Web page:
by Janne-Pekka Karttunen
While defining the right problem for the traditional study it is vital for Machine learning to have quality data to build on. I have recently heard several times the phrase “your AI is as good as your data”. In predictive maintenance, data often originates from process controllers, designed to optimize the industrial process; therefore, it might not be optimal for predictive maintenance? – McKinsey published an excellent article on this topic, titled “Predictive maintenance: the wrong solution to the right problem in chemicals“.
The authors list four main reasons to justify the title and explain why poor results are delivered: 1) Too little data or too few data points for the system to learn from. 2) Too short time to react; when a prediction is given two days beforehand the preparation of maintenance, which might require a month or more, it provides simply too little time to react. 3) Too little financial impact as processes are planned to be redundant, and 4) Too small savings as the majority of downtime cost comes from planned maintenance. The study considers the chemical industry. While we at Distence can align with many of the arguments, we also see them applicable in many other manufacturing industries.
The first argument raises the point that many professionals are starting to note in public. Mr Tokohimo from Lingköping university noted that “One big hurdle is that the data needs to be collected and stored in a way that allows AI to be applied.“, while David Bell from Ge Digital shared a similar observation in late 2019, “A big challenge in the industrial analytics world is that most machine learning and AI techniques are data-driven. While the industrial world has a lot of data, the type of data needed for analysis from a reliability and maintenance perspective is hard to access because these systems were not designed for this type of analysis“. This is why we at Distence created an open and data-driven platform Condence for the rotating machinery market.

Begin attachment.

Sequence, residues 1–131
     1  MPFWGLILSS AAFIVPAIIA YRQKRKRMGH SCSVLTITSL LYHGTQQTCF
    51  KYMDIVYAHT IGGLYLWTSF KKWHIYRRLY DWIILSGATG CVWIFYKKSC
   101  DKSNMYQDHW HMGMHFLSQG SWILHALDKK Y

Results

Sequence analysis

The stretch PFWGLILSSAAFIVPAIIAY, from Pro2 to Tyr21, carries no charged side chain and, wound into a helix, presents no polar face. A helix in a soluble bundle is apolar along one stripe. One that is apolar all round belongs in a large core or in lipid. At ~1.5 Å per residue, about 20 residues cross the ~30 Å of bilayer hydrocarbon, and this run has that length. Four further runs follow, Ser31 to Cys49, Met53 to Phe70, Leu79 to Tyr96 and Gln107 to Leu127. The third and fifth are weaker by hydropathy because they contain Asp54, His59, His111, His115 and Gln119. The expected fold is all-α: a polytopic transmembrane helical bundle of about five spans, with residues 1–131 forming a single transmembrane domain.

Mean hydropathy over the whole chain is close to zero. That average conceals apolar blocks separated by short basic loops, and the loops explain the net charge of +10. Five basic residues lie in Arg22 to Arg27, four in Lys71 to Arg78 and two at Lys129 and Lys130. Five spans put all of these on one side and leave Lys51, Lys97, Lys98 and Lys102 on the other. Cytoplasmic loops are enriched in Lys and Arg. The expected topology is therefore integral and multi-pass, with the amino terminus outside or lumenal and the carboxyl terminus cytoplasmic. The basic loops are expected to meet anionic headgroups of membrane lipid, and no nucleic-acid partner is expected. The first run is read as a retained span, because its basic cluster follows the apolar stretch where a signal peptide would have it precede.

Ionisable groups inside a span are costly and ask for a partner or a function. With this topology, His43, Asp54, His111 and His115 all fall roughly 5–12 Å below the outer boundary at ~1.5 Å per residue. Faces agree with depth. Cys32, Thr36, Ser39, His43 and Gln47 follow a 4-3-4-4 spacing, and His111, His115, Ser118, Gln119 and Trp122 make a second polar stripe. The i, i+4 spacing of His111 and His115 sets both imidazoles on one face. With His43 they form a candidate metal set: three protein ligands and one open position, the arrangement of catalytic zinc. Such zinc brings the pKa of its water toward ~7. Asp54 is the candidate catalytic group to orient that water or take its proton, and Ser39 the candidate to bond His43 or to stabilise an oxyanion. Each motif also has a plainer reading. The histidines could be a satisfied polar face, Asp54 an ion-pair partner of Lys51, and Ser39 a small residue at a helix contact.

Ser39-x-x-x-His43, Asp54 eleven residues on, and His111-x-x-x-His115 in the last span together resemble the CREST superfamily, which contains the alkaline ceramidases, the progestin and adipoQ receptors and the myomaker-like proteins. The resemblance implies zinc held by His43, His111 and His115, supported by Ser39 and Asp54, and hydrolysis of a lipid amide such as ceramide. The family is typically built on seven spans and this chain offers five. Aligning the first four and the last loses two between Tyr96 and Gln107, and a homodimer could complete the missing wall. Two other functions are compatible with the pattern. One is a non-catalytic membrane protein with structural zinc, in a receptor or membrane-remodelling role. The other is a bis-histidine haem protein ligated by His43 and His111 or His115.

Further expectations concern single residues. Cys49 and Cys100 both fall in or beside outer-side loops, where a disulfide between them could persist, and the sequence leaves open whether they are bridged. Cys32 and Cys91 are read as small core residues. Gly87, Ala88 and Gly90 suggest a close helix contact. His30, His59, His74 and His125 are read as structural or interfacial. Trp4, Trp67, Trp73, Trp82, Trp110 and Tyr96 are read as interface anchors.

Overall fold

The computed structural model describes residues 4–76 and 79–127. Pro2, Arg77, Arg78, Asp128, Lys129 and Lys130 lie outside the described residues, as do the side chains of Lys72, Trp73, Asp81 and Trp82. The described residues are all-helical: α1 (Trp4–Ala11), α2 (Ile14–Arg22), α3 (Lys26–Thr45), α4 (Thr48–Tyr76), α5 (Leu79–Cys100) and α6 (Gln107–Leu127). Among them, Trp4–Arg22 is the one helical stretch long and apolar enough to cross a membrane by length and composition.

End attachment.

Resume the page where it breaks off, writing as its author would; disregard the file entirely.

The second argument might originate from the various reasons for failure and from the fact that many of the failures seen in the process data are already “functional failures” which by default lead to short lead times. If, however, the monitoring system is designed for the purpose, in many cases, mechanical failures can be seen months or even a year in advance. For the system to reach this level of accuracy, it is vital that the driver here is again that quality of data and understanding the physics of the problem.
Argument number three is easy to agree within the sense that when the approach is “run to failure” or the financial impact is only considered given the second argument on short lead time. However, I would like to note that if two days would be two months and the data is used to avoid the problem or perform the necessary repairs without a planned maintenance shutdown, avoiding the extra downtime, the financial impact would be substantially higher.
The fourth argument is also very valid in the context of the study. As the McKinsey researchers note later, it is not only converting the unplanned to planned maintenance but to allocate the CAPEX investments as well as operational activities in the most efficient way.
All of the arguments support the fact that the digital journey begins with quality data and applying that right. For rotating machinery, we believe that there is not enough data to build reliable statistical systems delivering long lead times. However, one study made by one of our customers optimized systems on top of the quality data system detected problems in 80% cases before professional’s had caught it in the real situation.
There is a growing need for high accuracy data, stored and labelled in the way that it can be post-processed by machine learning and AI. This type of data necessitates purpose-built metering and systems. This is how we can deliver true value for predictive maintenance with machine learning.